Press Release

Green recovery necessary after airline pollution fell 64% last year

April 2, 2021

Airline pollution on flights within Europe plummeted 64% last year after the pandemic nearly bankrupted the sector, according to new EU data analysed by Transport & Environment (T&E). [1][2] The rescued airline industry, which received €36 billion in bailouts, owes it to taxpayers to build back better, T&E said. It called on the EU to green the aviation recovery by mandating the use of greener jet fuel and charging a carbon price for all European flights.

Jo Dardenne, aviation manager at T&E, said: “As expected, airline emissions went through the floor last year. Taxpayers who gave billions to save carriers expect them to take a sustainable path to recovery. The industry can’t take the cash and return to the record pollution seen before Covid.”

Air travel could return to its 2019 peak as early as 2024, according to forecasts by the airline industry body IATA and others.[2] T&E said governments should continue to support aviation workers through the current crisis, but airlines must be required to start using cleaner fuels and pay a carbon price for all European flights once conditions improve.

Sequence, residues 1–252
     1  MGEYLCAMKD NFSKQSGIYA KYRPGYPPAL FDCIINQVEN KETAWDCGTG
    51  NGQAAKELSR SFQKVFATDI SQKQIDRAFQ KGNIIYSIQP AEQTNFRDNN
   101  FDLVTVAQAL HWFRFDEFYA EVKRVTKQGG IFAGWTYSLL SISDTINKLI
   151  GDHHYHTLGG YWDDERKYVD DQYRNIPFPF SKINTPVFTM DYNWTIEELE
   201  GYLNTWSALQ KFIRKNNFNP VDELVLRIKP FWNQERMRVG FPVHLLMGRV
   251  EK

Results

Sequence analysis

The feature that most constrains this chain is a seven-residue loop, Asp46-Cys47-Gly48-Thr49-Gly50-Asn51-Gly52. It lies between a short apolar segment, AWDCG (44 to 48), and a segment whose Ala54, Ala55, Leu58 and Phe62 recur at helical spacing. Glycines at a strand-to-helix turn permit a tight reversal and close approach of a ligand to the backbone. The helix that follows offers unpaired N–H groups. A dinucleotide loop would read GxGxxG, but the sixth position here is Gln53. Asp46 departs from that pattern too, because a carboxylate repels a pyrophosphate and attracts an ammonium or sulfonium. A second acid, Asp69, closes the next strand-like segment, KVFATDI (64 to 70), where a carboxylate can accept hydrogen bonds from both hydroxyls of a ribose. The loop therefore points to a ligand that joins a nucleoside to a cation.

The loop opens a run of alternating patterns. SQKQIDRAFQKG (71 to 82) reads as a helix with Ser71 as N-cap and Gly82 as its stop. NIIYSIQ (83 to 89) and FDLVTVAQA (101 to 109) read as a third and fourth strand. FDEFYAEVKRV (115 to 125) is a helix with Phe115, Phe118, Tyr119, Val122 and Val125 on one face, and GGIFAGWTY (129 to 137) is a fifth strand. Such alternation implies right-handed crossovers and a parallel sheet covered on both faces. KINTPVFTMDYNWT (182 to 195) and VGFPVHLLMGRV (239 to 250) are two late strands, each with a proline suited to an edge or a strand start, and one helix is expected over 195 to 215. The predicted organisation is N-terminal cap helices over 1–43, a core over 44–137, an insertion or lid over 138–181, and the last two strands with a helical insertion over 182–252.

In June the European Commission will propose a law requiring airlines to use green fuels. It will also say whether the EU carbon market should be reformed and extended to all flights entering and exiting Europe. Currently, airlines only have to buy EU pollution permits for emissions on flights within the EEA, and also get a hefty amount of free emission permits.

Jo Dardenne concluded: “There’s no reason to return to peak pollution after the pandemic. Airlines can build back better by starting to use green fuels and paying for all their pollution, and the EU should require them to do so.”

Notes to editors:

[1] T&E analysed 2020 emissions data reported by airlines as part of their obligations under the EU emissions trading system:

T&E’s analysis is based on verified emissions reporting of the top 50 airlines in 2019, representing 87% of emissions. Major airlines such as Air France and Transavia are yet to report as of 2 April 2021. Remaining airlines’ emissions assumed to reduce at the same rate as the largest 50. Full methodology available here:

[2] On 29 March, T&E released data for the global emissions of European airlines in 2019. Today’s publication reveals the emissions of airlines on flights within Europe in 2020.

[3] See: Covid-19 outlook for air transport and the airline industry, B. Pearce, chief economist, International Air Transport Association (IATA), November 2020. p 11.—presentation/

See also the forecast by Eurocontrol, which co-ordinates national air traffic control agencies: Five-Year Forecast 2020-2024, Eurocontrol, November 2020. p 9.

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